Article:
Why Do I Need to Practice Scales? The Value of Tonal Literacy

This article was written from a music educators point of view.  It was written by Thomas West and appears on his website here.  He has graciously allowed me to reprint it here on AllThingsTrumpet.com for you.  Enjoy!

Posted by Thomas J. West on March 14, 2010 at 9:18 PM

Scale Study as a Technique Builder

The most obvious value of studying major scales and tonic arpeggios is that they provide the performer with a basic vocabulary of fine motor skills that are used in approximately 80% of all modern Western music. As I tell my students, how can you speak a language if you don’t learn vocabulary words in that language? Scales and arpeggios are the beginning of that vocabulary. In learning all twelve major scales, instrumentalists are experiencing first-hand the following physical demands of the instrument:

  • String players are introduced to performing scales past the normal “on the tapes” positions of the fingers, as well as being forced by necessity to use the pinky to play in keys in the middle of the circle. They are also introduced to the concept of fingering “shapes” (such as 1st and 2nd finger at a half-step) and how that pattern is found in common between several scales in a row in the circle.
  • Woodwind players learn the necessary alternate fingerings for the most common notes, especially clarinetists, who must learn the appropriate situations to use a left-pinky C natural or right-pinky B natural. Saxophonists find out what the rollers on their bridge key are for, and how the bis key can save them a lot of grief.
  • Brass players learn all seven possible combinations of the valves/slide and experience some of their more awkward combinations such as 1st and 3rd valve changing to 2nd valve.
  • All instrumentalists learn the capabilities of their instrument in terms of the number of octaves they can comfortably produce. Beginning with one octave and moving quickly to two is very achievable for most students.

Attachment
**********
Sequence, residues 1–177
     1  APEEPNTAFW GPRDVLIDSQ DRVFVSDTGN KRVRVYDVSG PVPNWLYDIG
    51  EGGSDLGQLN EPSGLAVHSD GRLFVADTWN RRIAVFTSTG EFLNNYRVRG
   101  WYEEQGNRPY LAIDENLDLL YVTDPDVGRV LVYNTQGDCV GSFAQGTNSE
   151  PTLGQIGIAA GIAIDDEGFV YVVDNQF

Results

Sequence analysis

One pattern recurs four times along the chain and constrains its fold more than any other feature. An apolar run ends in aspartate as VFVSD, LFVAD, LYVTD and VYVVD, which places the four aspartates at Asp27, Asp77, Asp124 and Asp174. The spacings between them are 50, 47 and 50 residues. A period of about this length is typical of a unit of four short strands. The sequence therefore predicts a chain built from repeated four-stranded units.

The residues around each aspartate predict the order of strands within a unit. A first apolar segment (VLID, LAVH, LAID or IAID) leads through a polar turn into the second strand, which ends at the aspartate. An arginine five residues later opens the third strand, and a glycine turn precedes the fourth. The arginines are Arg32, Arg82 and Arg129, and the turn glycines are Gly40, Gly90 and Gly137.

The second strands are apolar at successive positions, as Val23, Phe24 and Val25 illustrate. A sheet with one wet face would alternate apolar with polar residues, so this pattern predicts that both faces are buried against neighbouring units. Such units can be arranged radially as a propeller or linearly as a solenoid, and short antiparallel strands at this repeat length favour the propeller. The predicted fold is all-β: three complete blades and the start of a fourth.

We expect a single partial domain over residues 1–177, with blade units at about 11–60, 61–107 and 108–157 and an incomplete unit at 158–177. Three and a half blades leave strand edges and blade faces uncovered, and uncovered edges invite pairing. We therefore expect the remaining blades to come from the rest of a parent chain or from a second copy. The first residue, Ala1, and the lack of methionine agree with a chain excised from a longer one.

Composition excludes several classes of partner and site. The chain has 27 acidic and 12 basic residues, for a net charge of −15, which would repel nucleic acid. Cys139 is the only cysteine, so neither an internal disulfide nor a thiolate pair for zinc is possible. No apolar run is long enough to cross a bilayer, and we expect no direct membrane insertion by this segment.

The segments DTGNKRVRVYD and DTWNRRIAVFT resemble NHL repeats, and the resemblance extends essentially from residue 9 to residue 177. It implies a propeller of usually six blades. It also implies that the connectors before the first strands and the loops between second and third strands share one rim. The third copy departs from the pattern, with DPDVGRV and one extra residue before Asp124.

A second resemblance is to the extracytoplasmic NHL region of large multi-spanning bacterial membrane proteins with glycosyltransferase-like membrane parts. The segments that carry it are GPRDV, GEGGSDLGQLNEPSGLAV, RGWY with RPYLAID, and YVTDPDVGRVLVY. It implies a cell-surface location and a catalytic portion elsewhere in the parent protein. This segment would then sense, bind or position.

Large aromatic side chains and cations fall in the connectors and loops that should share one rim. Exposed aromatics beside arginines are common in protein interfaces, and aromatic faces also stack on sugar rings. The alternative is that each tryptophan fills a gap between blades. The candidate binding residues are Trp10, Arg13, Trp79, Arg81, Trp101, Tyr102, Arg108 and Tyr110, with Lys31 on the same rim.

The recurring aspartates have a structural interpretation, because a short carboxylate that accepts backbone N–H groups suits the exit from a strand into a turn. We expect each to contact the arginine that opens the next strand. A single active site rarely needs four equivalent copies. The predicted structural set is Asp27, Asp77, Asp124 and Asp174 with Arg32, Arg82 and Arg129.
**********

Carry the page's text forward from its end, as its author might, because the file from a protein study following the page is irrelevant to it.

Also, playing the scales chained together in succession as they occur on the circle of fourths/fifths reaps great benefits. Ed Lisk calls this technique performing the Grand Master Scale. As any jazz musician will tell you, Western melodic lines are chains of scalar passages that connect from one key area to another based on the harmonic progression. By practicing the scales in circle order, students are beginning to “think in keys”.

Students will find fairly quickly that studying scales and arpeggios makes sight-reading and learning their concert repertoire a less cumbersome and daunting experience.

Scale Study as a Vehicle for Teaching Music Theory

One of the things that many performing ensembles struggle to do is find ways of teaching students basic music theory without sacrificing preparation time for concert performances. By investing just a few minutes on a regular basis on scale study, students are learning about key signatures, whole and half steps, enharmonics, major triads, minor triads, seventh chords, parallel and relative minor, forms of the minor scale, modes, and in the case of the band, even transposition. After a brief description of each of these concepts, students can experience all of these theory concepts as part of their scale and arpeggio study, making the information more meaningful than just studying the theory without direct application.

Scale Study as a Gateway to Teaching Improvisation

Once a basic working knowledge of three major scales has been established, concepts for improvisation (jazz or otherwise) can be introduced. Once students “speak the language” they can begin extemporaneously crafting their own lines. Basic concepts of repetition, harmonic outlining, and melodic shaping can easily be introduced when the students are proficient at playing a few scales.

Scale Study as a Tool for Teaching Ensemble Playing Skills